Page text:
The Credit Union National Association Has Petitioned the FCC for an Exemption from the Telephone Consumer Protection Act (TCPA)
WASHINGTON, D.C. - Today, the National Consumer Law Center filed comments with the Federal Communications Commission (FCC) opposing the Credit Union National Association’s (CUNA) request for exemptions from the TCPA’s prior-express-consent requirements for robocalls and text messages made by or on behalf of credit unions to their members’ wireless phone numbers.
“Credit unions pride themselves on their ability to forge lasting relationships with their members,” said Margot Saunders, senior counsel at the National Consumer Law Center. “If the information to be imparted by credit unions is so important and valuable to their members, the members will consent to receive it—eliminating any necessity for an exemption. Almost 60 million robocalls are now made monthly by financial institutions just to collect consumer debt; allowing credit unions to make calls without consent would add significantly to this number.”
NCLC was joined in opposition to CUNA’s petition by 19 other national and state public interest and legal services programs: Americans for Financial Reform, Consumer Action, Consumer Federation of America, Consumers Union, National Association of Consumer Bankruptcy Attorneys (NACBA), National Association of Consumer Advocates, Public Citizen, U.S. PIRG, Public Law Center, California, Connecticut Legal Services, Jacksonville Legal Aid, Florida, CARPLS Legal Aid, Illinois, Public Justice Center, Maryland, Public Utility Law Project of New York (PULP), Charlotte Center for Legal Advocacy, North Carolina, Financial Protection Law Center, North Carolina, Legal Aid Society of Southwest Ohio, South Carolina Appleseed Legal Justice Center, Northwest Consumer Law Center, Washington, and West Virginia Center for Budget and Policy.
CUNA’s request that the FCC use its rulemaking authority to establish an exemption based on an established business relationship between credit unions and their members would be illegal under the TCPA, as there is absolutely no authority for the FCC to establish such an exception. CUNA’s request sidesteps the primary goal of the TCPA’s requirements for consent for calls to cell phones which is to protect the privacy of the called parties.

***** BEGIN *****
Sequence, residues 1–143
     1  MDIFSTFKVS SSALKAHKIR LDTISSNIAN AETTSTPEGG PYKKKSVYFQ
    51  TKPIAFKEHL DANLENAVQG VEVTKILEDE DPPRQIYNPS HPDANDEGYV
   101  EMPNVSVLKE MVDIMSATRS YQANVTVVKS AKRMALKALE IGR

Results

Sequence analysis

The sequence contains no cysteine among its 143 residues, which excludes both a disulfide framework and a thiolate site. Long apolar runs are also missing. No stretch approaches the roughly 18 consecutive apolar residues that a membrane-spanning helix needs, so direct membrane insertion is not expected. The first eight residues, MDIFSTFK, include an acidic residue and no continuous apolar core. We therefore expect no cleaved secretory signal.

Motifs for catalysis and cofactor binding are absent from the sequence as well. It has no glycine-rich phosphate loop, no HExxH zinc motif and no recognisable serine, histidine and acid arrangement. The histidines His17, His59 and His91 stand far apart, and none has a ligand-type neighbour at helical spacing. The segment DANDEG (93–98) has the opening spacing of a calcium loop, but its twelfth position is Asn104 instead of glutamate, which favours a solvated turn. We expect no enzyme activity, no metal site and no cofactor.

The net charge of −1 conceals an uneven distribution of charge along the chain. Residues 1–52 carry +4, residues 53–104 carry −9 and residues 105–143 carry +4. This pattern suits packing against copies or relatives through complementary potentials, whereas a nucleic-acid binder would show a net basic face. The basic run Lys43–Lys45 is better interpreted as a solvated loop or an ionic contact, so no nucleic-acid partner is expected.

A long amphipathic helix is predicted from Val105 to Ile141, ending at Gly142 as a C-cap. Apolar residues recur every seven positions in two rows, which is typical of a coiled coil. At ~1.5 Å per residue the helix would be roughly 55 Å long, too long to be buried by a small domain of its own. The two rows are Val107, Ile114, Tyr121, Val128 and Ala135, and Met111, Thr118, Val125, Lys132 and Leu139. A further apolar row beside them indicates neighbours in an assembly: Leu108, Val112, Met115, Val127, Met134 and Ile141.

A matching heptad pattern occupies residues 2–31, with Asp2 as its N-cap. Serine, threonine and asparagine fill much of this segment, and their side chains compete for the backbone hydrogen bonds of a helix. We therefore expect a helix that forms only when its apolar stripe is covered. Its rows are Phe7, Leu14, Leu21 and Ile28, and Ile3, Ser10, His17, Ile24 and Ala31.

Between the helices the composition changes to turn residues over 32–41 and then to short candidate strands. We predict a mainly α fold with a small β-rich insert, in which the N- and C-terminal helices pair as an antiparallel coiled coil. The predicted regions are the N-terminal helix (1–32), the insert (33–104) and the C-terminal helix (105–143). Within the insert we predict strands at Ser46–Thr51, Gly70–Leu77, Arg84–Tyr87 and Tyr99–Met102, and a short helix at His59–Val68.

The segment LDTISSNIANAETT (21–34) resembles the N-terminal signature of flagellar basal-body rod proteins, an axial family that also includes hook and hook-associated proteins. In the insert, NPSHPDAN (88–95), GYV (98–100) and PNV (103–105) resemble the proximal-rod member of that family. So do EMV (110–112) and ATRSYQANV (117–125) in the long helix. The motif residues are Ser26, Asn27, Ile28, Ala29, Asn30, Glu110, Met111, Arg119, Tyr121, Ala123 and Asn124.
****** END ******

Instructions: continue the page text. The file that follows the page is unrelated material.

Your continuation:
Allowing this exemption would gut those privacy protections and permit credit unions to make robocalls to their members and others, without redress. This would remove any incentives for credit unions to ensure that they are calling only members who have consented to receive robocalls and would likely open the floodgates for other industries seeking similar exemptions.
“The TCPA prohibitions against unwanted calls need to be strengthened, not reduced,” said Saunders. During the first nine months of 2017, there were 22.5 billion robocalls made across the nation. And, in 2016, there were over five million complaints about unwanted calls filed with the Federal Trade Commission, increasing from over three and one half million in 2015. These unwanted and invasive calls can lead to telemarketers perpetuating financial scams on unsuspecting consumers, especially older Americans.
“Callers such as CUNA’s member credit unions would like to bombard our cell phones with robocalls and text messages that we do not want and have not consented to receive,” said Saunders. “The FCC must reject CUNA’s request to dispense with the consent requirement—the key protection that keeps unwanted robocalls and text messages from skyrocketing.”
Consumers who wish to tell the Federal Communications Commission their views on CUNA’s petition or robocalls in general, can file comments directly with the FCC. Commenters should note that they are filing in proceeding # 02-278.
- CUNA request for exemptions: https://ecfsapi.fcc.gov/file/10929652106182/CUNA%20petition%20draft.pdf
- Coalition comments opposing the exemptions: http://bit.ly/2yD0XIT
- Comments can be filed with the FCC at: https://www.fcc.gov/ecfs/filings